A Quick Update

In 2010, we moved back to the small town in Colorado that I never stopped missing while we lived in Mexico. Now I sometimes miss Mexico, but I wouldn't travel as freely as we did when we were there, camping out in remote areas and so forth.

Mexico today is in a period of change, and in many ways it is more dangerous now. That said, I have plenty of American friends who still live there very happily, just taking a few more precautions than they did in the past.

Just to say!


Visit Expedia…

Expedia is my favorite place to book airfare, and they handle hotels, car rentals, cruises, etc. I like the organization of the site for figuring out what flights I want. Click on the suitcase to take a look.

I was very pleased to win an award for this blog! Even better for you: click through for lists of all sorts of award-winning travel blogs.

Tripbase Blog Awards 2009

Tripbase Blog Awards 2009

January 2005 — Continuing my series on the pros and cons of living, traveling and retiring in Mexico: here’s a PRO for Mexico that most people would never think about. Back home, trespassing on private property is frowned upon, to put it mildly. Here in Mexico, it is only rarely an issue. For two weeks, we have been camping in our motorhome at an old hot springs resort / trailer park, El BaƱito, several miles outside Ciudad Valles, San Luis Potosi.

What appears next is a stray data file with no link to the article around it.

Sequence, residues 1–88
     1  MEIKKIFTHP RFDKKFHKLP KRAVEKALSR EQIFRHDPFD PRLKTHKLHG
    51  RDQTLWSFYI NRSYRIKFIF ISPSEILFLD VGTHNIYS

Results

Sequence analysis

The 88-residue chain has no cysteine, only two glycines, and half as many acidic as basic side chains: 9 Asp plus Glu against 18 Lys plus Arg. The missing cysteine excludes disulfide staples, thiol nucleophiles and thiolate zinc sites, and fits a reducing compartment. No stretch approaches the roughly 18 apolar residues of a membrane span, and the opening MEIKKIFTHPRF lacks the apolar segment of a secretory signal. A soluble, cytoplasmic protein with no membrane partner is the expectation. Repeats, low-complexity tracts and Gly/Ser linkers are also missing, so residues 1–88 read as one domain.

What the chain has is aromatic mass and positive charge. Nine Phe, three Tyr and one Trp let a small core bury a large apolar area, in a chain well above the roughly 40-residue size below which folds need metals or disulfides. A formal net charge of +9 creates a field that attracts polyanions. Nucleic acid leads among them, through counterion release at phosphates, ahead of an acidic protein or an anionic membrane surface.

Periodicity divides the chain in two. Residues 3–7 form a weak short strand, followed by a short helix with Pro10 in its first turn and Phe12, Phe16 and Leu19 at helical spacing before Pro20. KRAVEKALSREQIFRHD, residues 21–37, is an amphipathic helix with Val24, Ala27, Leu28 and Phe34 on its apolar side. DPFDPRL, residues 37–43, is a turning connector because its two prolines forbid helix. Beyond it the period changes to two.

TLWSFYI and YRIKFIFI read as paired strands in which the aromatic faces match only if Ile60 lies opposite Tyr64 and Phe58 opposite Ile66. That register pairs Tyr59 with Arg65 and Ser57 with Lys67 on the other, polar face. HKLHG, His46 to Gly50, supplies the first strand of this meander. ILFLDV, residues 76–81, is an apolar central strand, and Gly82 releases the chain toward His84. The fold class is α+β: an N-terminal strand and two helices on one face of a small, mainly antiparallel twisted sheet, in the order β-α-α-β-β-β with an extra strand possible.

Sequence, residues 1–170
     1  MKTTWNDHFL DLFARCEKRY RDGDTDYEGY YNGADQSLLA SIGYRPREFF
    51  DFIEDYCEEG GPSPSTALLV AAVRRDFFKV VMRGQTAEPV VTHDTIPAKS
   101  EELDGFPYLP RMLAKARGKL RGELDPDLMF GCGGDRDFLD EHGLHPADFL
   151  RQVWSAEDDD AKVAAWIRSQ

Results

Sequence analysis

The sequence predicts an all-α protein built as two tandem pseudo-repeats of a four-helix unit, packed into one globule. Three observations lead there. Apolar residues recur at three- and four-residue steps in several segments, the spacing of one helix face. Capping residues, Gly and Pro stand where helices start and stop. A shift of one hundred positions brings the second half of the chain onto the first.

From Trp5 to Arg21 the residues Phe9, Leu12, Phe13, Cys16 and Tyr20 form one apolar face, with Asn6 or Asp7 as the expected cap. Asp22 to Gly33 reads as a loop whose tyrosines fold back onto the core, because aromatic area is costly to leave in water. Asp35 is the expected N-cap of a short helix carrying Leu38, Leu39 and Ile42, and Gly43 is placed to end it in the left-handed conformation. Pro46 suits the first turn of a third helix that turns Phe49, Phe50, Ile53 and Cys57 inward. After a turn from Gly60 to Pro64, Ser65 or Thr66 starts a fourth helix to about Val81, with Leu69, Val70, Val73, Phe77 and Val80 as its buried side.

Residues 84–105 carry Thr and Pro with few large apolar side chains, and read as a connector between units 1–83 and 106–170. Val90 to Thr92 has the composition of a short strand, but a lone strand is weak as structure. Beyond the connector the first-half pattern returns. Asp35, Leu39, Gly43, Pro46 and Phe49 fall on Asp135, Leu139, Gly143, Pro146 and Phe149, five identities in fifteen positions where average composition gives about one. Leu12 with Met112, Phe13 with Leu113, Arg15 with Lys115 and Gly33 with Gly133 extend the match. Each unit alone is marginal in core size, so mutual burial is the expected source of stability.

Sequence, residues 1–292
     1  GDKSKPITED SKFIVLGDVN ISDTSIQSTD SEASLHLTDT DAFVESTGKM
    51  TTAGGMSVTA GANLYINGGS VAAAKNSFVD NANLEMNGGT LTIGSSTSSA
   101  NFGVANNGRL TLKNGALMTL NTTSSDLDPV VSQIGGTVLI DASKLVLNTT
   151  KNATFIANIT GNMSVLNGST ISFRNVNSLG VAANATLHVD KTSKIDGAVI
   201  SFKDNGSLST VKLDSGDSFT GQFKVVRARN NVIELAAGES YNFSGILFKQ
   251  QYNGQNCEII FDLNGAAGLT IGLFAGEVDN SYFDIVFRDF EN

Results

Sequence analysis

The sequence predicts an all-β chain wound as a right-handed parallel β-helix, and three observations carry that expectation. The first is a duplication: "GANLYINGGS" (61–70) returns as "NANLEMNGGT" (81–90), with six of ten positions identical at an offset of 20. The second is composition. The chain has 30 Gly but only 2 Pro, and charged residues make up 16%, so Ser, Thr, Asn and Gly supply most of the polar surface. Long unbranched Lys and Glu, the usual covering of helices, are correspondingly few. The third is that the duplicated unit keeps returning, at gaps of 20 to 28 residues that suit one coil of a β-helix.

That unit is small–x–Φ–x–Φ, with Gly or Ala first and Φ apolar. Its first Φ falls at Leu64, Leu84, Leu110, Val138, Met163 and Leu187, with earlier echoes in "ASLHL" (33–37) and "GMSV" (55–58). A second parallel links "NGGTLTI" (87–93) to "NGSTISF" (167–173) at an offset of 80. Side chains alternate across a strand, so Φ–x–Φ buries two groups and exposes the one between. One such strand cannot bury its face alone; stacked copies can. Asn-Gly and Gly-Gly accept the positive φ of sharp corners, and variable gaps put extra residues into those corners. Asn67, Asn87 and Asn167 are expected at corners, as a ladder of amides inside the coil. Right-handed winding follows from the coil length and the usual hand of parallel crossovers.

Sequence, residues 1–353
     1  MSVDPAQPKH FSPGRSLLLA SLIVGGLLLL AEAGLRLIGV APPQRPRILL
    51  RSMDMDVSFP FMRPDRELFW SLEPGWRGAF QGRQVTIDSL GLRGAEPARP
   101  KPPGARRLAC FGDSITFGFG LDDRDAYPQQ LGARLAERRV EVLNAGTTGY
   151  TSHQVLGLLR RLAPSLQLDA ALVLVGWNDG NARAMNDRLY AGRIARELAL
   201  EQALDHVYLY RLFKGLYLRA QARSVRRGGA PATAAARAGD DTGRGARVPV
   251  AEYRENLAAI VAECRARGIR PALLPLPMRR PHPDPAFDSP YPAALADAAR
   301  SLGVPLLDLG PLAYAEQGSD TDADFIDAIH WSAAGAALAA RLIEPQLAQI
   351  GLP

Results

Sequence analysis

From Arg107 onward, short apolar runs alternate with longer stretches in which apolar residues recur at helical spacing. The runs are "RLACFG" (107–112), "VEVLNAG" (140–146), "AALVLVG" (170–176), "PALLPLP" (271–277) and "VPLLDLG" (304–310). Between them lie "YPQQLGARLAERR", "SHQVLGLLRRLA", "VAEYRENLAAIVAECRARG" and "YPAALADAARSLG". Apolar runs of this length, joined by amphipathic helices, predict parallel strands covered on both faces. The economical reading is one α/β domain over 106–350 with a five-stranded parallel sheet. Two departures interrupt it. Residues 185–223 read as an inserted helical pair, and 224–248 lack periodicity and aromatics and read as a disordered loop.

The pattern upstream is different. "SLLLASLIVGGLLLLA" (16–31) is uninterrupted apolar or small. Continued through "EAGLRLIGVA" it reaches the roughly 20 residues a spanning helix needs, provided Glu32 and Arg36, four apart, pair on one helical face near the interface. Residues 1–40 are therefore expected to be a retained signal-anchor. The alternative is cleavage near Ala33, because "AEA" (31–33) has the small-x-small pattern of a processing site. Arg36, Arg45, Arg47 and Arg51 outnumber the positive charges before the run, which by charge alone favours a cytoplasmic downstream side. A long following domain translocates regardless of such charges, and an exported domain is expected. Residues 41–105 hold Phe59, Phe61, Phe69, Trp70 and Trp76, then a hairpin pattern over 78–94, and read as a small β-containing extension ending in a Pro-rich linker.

Across the street there is a huge piece of property that is posted as belonging to the federal government. It includes a hotel gone to ruins and an active golf course. (The story behind that, in a nutshell, is that the government was planning at one point to flood the area for a dam and bought the land but allowed the owners to keep running the golf course.) I noticed that the big signs saying the land was federal property did not say the Spanish version of “Keep Out.”

Kelly started taking morning walks over there, while I have my main turn at the computer. The several groundspeople and the occasional golfer always politely said good morning, and nobody ever questioned him on being there. I’ve gone with him a time or two and it’s been the same. Yesterday, there happpened to be several official-looking men with a truck with a federal Mexican insignia on it, near the entrance gate when Kelly went in. He said good morning to the men, and one of them said, in Spanish, “Ah, you’re here for your walk.”

One anecdote doesn’t make a pattern, but we’ve experienced this many places in Mexico. People will tell us about paths through the fields. Of course, you’re expected to not damage the crops, but otherwise, “trespassers” seem to be expected. We took a long walk on New Year’s Day and got to a pasture of cattle where some of the bulls weren’t so sure about trespassers, so we departed fast.

Many things in Mexico are much looser than in the U.S., and this is an example. Others include the number of people they can fit into a vehicle and the time for appointments. Better or worse? No, all in the mind of the beholder. And how you’d take this difference is definitely something to learn about yourself if you are thinking of living or retiring in Mexico.

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